In Cook County the number of outstanding foreclosure cases stands at 70,000, a figure that prompted an emergency summit Thursday by longtime Chicago community organizer Leon Finney. The meeting attracted the likes of Cook County Board President Toni Preckwinkle, Illinois Supreme Court Justice Mary Jane Theis and state Rep. Karen Yarbrough, D-Maywood.
Finney said it was necessary to hear directly from various officials because, despite declarations that the recession is over, solutions to the housing crisis still require a clear assessment.
“We didn’t know what happened with the housing bubble and why it burst," Finney said. "My sense is we were traumatized, looking for what happened and it was almost like a bomb had been dropped on us and didn’t know where it came from and what inspired it.”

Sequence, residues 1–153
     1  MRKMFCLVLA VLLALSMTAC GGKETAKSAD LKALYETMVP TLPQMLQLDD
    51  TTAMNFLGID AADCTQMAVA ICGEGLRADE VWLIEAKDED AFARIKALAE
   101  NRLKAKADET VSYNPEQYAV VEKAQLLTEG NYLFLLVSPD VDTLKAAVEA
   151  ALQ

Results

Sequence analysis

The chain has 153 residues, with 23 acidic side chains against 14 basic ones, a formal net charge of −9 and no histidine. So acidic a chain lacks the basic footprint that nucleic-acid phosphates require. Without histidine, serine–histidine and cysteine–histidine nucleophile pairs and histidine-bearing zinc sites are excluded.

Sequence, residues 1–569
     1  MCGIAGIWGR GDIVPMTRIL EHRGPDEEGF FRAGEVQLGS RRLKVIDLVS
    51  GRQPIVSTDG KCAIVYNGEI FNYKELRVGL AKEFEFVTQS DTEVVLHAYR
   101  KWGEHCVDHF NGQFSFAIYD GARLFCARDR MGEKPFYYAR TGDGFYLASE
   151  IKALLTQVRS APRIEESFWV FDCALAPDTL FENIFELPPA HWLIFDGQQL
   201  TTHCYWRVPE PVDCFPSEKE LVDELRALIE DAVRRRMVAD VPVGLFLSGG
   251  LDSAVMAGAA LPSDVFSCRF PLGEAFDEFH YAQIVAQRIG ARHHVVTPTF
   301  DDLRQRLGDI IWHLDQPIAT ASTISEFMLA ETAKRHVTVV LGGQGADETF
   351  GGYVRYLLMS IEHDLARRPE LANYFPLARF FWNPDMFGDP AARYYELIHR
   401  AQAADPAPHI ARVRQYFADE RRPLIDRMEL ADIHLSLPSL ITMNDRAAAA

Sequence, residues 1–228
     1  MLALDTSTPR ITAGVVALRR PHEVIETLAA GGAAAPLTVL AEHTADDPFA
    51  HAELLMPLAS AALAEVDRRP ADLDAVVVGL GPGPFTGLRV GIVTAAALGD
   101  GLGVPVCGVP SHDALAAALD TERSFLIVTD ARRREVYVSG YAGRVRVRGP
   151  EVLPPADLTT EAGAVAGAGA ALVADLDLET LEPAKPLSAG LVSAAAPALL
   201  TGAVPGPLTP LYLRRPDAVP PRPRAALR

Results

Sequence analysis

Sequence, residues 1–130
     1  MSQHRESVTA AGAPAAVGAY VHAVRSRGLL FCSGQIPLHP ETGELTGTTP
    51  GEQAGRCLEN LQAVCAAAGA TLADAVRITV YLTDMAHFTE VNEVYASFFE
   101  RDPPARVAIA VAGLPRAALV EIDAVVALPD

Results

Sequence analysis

In the next few months, a working group that sprang from the summit will suggest local solutions to the foreclosure plague. Finney said the group will consider various tactics, including improved home-ownership counseling, tighter bank regulations and stronger courts.
The summit took place midday at the Metropolitan Apostolic Community Church. At about the same time, Chicago alderman passed a separate action that aims to alleviate the impact of foreclosures within the city.
The new ordinance will hold banks responsible for the maintenance of foreclosed properties. Last year, the city spent more than $15 million to demolish or upkeep vacant buildings.
Previous post in Housing